Practical Carriage Building

Compiled by M.T. Richardson, Vol.1. 1891

Flaring Seat Corners

Laying off the width of board and obtaining the lines of bevel for the back Fig 211 - Bevel lines for end pieces Fig 212

Dress up boards for back and ends. Joint the edge that is to be used for the bottom. Gauge the outside for beveling, but do not bevel it until after the joints are laid out and cut. When two different bevels are to be used, as, for example, when the back is to be of the bevel indicated by line 1 in Fig. 211, and that of the ends is to be as shown by line 1, Fig. 213, two bevels should be used, each being set to its own proper angle at the outset, and not changed.

Bevels for the blocks to brace the corners for the construction shown in Fig 214 - Fig 213

Place the stock of the bevel for the back against the edge of the drafting board A, so that the blade lies against the point of intersection between the perpendicular D and the line C, and draw line 1, prolonging it until it meets the line B, all as indicated in Fig. 811. This will give the width of board necessary to use in order to give the seat a straight height equal to the space between B and C. Set the dividers with one foot at the intersection between lines 1 and B, and the other at the point of intersection between lines 1 and C and D. With the dividers thus set for radius, from the point of intersection between D and B as center, describe a short arc, cutting D as shown by E.

This operation will give the required width of board upon the perpendicular line D. Since the upper edge must project as much as the ends, bevel off at the same height, place the stock of the bevel set for the ends against the edge of drafting board A, so that the blade lies against the point of intersection between lines D and C, as shown by the dotted line A. Mark the intersection of the dotted line A with B, as shown at P, and draw line 2, extending from P to the point of intersection between the short arc E and the perpendicular D. This gives the bevel for the fore-projection an actual width. Set the dividers with one foot at the intersection of lines D and B, and the other foot at the intersection of lines D, G, and from the former point or center describe the arc M. From the point at which the arc M meets the line B draw the line 3 to the point of intersection between the short arc E and the perpendicular line D. This will be the bevel for a square miter.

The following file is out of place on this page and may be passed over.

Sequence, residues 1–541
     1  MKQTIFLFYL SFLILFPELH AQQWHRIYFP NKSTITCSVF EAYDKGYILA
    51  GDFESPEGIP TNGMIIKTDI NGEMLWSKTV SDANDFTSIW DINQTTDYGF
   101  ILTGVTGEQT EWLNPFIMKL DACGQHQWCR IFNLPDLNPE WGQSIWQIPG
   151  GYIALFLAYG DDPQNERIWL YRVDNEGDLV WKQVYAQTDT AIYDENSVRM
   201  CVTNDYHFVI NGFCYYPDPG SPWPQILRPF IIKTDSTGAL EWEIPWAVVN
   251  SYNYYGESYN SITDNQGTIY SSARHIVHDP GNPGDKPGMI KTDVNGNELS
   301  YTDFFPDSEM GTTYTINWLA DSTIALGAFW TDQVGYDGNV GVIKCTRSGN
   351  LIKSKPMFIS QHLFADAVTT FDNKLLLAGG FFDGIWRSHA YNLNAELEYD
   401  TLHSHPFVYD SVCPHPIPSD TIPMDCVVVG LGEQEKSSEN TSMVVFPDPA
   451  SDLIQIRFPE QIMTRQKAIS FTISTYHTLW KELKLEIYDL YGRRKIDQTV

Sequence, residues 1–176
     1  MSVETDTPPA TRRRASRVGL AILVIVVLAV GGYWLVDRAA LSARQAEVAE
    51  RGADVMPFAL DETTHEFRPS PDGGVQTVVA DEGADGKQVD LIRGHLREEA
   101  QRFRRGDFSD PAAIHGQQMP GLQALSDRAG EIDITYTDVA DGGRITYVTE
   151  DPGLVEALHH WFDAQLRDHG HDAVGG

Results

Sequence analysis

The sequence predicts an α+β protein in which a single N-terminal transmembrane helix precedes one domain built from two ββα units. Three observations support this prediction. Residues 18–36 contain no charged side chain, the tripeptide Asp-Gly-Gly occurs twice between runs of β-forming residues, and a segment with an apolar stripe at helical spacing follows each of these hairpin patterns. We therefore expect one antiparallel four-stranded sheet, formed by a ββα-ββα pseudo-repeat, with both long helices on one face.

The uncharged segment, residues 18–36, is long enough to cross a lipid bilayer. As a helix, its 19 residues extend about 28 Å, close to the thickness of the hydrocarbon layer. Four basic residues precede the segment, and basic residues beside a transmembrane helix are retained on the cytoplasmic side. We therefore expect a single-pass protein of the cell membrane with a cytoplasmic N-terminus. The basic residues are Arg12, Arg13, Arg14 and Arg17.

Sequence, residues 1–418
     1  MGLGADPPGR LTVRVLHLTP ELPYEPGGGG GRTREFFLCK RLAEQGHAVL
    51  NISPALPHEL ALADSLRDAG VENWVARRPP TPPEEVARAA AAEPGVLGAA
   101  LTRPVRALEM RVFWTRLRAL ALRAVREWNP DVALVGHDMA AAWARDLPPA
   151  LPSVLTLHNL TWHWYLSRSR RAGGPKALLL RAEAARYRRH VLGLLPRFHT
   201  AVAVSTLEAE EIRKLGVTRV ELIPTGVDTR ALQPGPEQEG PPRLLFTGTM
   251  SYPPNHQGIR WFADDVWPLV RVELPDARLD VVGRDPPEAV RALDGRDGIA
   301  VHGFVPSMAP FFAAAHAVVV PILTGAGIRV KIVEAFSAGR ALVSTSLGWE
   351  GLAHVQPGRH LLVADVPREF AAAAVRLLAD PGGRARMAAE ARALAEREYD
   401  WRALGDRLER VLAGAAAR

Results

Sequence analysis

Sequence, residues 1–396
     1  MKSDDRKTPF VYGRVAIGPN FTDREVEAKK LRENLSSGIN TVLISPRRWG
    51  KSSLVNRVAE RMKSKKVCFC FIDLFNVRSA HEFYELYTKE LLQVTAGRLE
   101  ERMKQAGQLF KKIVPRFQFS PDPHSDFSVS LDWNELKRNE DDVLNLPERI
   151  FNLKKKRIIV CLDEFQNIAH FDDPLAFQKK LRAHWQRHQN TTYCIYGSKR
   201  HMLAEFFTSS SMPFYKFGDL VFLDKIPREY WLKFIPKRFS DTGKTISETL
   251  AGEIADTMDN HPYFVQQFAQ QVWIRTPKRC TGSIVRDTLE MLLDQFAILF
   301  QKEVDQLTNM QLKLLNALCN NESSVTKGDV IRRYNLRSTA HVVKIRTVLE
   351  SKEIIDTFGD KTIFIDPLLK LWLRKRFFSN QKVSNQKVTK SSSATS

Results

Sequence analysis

All the lines by which to set the bevels for cutting the joints on the ends of the back are now obtained. Next lay out Fig. 212 by which to cut joints on the ends in the same general manner. The only difference to be observed is to substitute one bevel for the other; that is to say, where the bevel for the back was used, as above described, use the bevel for the end, and vice versa.

After this has been accomplished, the next work requiring attention is the shape of the blocks for bracing the corners. The bevels required in these parts are illustrated in Fig. 213. Use lines B, C, and D, as already described. Place the bevel as set for the back against the drafting board, so that the tongue shall lie against the point at which C and D intersect, and draw line 1. Next place one point of dividers at the intersection of lines B and D, and the other point at the intersection of lines B and 1, and from the former, as a center, describe the arc T in the figure. Place the bevel set for ends on the drafting board so that the tongue rests against the joint where the curve line T and the line D intersect; mark the point 8 and form dotted line A.




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